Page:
Student loans have long been plaguing New Yorkers, keeping many from prospering financially for decades.

Now, there is some hope: the Biden administration announced that would provide families with “breathing room” with a three-part plan to forgive at least $10,000 in student loan debt to eligible Americans (those earning less than $125,000). Pell Grant recipients could see up to $20,000 forgiven.

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The administration cited the skyrocketing cost of private and public four-year colleges (which have tripled since 1980) after inflation and a lack of federal support as reasons for its intervention.

“Pell Grants once covered nearly 80 percent of the cost of a four-year public college degree for students from working families, but now they only cover a third,” the White House states. “That has left many students from low- and middle-income families with no choice but to borrow if they want to get a degree. According to an analysis by the Department of Education, the typical college student with loans now graduates with almost $25,000 in debt.”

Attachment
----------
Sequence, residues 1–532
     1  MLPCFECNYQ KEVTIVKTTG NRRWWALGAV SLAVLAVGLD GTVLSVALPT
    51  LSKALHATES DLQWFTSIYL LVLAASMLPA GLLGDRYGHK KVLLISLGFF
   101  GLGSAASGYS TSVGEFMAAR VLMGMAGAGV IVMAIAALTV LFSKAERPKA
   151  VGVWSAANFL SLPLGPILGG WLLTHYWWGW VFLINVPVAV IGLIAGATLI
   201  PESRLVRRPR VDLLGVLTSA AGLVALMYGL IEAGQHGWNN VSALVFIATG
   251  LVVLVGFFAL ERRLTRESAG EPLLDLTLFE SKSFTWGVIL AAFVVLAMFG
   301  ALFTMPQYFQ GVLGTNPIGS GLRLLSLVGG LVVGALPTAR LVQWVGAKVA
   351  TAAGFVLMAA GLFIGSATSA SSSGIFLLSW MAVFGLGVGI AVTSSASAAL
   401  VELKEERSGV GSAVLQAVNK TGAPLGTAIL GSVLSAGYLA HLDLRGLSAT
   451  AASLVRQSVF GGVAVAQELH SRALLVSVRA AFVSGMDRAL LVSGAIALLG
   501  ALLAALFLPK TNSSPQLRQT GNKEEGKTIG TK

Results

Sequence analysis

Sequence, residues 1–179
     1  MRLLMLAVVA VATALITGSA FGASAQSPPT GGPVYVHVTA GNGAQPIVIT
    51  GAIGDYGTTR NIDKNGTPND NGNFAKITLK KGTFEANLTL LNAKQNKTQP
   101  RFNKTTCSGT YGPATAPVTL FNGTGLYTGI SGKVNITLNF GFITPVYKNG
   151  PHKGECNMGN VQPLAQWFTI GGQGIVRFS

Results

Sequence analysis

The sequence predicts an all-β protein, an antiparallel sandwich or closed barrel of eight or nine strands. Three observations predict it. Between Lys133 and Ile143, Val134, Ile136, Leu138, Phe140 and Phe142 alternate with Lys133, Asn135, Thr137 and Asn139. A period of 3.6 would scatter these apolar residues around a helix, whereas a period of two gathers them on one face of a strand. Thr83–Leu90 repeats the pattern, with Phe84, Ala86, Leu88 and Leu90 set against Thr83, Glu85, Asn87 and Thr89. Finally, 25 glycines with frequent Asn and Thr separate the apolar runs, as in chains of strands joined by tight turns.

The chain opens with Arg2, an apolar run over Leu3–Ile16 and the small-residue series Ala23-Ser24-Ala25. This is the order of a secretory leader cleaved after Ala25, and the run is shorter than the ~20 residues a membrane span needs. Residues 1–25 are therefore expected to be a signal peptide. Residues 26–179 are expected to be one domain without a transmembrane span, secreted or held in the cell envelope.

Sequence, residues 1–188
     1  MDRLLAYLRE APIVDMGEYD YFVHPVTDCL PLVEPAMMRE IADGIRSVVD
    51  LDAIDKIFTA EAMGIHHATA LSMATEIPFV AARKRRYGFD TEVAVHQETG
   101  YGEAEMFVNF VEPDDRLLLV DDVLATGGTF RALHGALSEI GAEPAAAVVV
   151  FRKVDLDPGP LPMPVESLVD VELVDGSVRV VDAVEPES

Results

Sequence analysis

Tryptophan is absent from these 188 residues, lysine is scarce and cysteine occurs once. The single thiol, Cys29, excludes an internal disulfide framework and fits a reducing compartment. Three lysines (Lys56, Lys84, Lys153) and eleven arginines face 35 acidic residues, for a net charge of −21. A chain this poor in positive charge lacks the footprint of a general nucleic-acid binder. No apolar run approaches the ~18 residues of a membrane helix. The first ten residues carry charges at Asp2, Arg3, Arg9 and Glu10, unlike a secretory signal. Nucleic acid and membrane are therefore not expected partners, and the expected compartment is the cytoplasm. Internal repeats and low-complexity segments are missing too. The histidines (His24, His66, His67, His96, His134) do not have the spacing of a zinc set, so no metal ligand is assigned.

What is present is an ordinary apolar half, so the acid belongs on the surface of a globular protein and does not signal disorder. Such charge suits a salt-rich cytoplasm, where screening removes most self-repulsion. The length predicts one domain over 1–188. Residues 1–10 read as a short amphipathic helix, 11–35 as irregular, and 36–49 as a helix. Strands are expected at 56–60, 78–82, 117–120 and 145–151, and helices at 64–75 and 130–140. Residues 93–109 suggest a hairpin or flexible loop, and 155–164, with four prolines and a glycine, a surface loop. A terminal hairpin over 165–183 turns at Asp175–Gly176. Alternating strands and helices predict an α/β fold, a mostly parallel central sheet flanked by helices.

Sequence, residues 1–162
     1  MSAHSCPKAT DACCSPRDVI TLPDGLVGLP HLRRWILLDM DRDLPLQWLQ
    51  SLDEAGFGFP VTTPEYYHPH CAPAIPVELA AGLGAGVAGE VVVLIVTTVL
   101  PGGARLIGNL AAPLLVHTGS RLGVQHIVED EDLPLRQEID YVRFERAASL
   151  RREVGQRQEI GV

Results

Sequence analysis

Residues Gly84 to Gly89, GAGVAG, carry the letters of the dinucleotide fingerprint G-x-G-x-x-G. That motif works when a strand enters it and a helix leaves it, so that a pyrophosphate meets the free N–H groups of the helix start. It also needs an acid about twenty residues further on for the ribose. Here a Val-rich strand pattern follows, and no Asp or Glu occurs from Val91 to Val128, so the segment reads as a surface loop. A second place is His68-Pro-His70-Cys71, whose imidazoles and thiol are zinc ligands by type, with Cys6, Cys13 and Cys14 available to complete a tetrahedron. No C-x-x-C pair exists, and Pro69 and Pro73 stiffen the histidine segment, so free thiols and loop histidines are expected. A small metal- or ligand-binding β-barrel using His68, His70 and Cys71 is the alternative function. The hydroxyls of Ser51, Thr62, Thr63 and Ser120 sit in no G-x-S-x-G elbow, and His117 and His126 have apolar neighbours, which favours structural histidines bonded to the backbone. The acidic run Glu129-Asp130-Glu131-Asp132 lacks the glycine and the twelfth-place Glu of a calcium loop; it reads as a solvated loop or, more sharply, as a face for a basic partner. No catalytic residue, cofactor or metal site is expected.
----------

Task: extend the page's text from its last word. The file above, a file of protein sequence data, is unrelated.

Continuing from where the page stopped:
According to a 2021 New York City Report, about 1 in 5 New Yorkers (19%) had higher education debt and 1 in 6 (16%) had student loan debt. These student loan holders are more likely to be black, under the age of 45, experiencing material hardship, and more highly educated.

More than half of student loan holders in New York City owed more than $20,000.

With $10,000 in student loan debt canceled, there is some relief New Yorkers can see, but given the high cost of rent and living here, it doesn’t seem to go as far as it would elsewhere.

That said, most New Yorkers could afford a few months’ rent with the $10,000 they’ll save by not paying off student loans. Last month we reported that the average cost of rent in New York City reached $5,058 per month and today we report that the average monthly rent reached $3,930 (a record).

What else could New Yorkers get with the $10,000 freed up?

  • One year and eight months of groceries. smartasset.com says that groceries in New York City generally cost around $486.71 per month, per person.
  • Three years of car insurance payments. bankrate.com says the average cost of auto insurance in New York is $2,996 per year for full coverage.
  • Four years of monthly electricity bills. The average monthly electricity bill for New York City consumers is $178/month according to energysage.com.
  • 3,636 subway trips. The cost of a subway ride is $2.75.